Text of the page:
Monday, November 1, 2010

California Propositions 2010

This November 2nd, California will confuse and befuddle its electorate by putting before them the task of voting on numerous Propositions. While some people adore propositions because they believe in direct democracy, I abhor them because they bring us nightmares like Prop 8, ruin the state budget, and contradict existing laws. Anyone can get a Prop on the ballot if they have enough money to get enough signatures from harried customers outside of Trader Joe's.

So, in short, I don't like Propositions. It's also nearly impossible to tell sometimes if they're even good or bad. Sometimes they have good ideas, but bad execution, or have no allocated funds, and put California even further into debt. California politicians hide behind these Props, hoping that some rich citizens will put up the cash to get medical marijuana legalized or some other such legislation. Of course, dirty Republicans do the same... hoping that some rich citizens will put up the cash to ban same sex marriage. Propositions are generally bad news, but they're still up for a vote and intelligent votes matter, so here's my take on them.

Prop 19: Legalizes Marijuana in California
Awesome. Let's figure out the details later. Neither of us smoke, but we don't want our friends who do partake to be arrested for it. Let's tax the hell out of it, decriminalize it, regulate it, and keep folks out of jail. Done. Yes on 19.

Prop 20/27: Redistricting of Congressional Districts
Prop 20 essentially upholds Prop 11 from this summer's primaries that establishes a 14 person committee to redraw California districts. Consists of Democrats, Republicans, and individuals who aren't registered with either party. But I guess Prop 20 futzes around with what was already established in Prop 11. It's funded by a billionaire, Charles Munger, Jr., the son of a Wall Street tycoon.

The idea behind fussing with redistricting is that it would make districts more fair and less tailored to individual party preferences and would make each district more homogeneous. The idea is to reduce the gerrymandering of districts. It's very anti-incumbent. But my real question is how this 14 person committee is going to be held accountable. How do we know that it will be fair? Opponents to Prop 20 state that it contains Jim Crow type laws because it "mandates that all districts (including Assembly, Senate, and Congress) must be segregated by income level and mandates that all districts be segregated according to 'similar living standards' and that districts include only people 'with similar work opportunities." (that's straight from the rebuttal to the arguments for the prop, so it's hard to know if that's true?) The Sacramento Bee is the only newspaper to editorialize against the bill, and the League of Women Voters has also come out against it.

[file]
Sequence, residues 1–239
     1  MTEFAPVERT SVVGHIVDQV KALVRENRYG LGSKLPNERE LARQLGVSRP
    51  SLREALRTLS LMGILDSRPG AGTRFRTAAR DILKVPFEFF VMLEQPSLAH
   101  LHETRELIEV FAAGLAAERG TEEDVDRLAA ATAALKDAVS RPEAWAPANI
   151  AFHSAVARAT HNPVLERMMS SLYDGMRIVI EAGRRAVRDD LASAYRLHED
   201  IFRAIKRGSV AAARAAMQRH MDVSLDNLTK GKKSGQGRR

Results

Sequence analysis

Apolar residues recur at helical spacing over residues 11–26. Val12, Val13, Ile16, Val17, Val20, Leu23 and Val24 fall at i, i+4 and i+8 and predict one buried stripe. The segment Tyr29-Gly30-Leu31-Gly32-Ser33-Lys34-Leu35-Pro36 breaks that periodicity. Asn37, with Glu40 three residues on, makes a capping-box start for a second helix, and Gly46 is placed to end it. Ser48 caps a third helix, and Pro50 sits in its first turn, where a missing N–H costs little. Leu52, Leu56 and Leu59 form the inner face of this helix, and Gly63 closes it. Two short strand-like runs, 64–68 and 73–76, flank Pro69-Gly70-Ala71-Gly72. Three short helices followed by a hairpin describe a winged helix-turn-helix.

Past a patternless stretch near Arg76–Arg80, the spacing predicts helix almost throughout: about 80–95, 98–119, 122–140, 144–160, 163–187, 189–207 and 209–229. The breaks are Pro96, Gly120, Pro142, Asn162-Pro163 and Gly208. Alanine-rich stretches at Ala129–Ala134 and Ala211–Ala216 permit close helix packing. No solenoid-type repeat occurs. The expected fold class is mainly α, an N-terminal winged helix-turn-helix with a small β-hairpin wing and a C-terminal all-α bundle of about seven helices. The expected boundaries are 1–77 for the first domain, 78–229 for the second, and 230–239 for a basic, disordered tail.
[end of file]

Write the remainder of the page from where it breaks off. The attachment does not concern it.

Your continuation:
PROP 27 basically negates Prop 11 from the primaries and keeps redistricting in the hands of the Legislature.

I'm going go with the Sacramento Bee on this one and vote NO on 20 and 27 to let Prop 11 do its job. Let's see if this committee can do a better and more fair job of drawing up districts. We'll see how that goes and then change it if necessary.

PROP 21: Establishes $18 annual vehicle license surcharge to help fund state parks and wildlife programs and grants surcharge vehicles free admission to all state parks.
Awesome. I'm willing to pay this because I'm a big animal/nature loving hippie and I always forget to purchase a parking pass ahead of time when I go to state parks. So, yeah. I'm willing to do that. Sorry if you aren't. YES on 21

PROP 22: Prohibits the state from borrowing or taking funds used for transportation, redevelopment, or local government projects and services.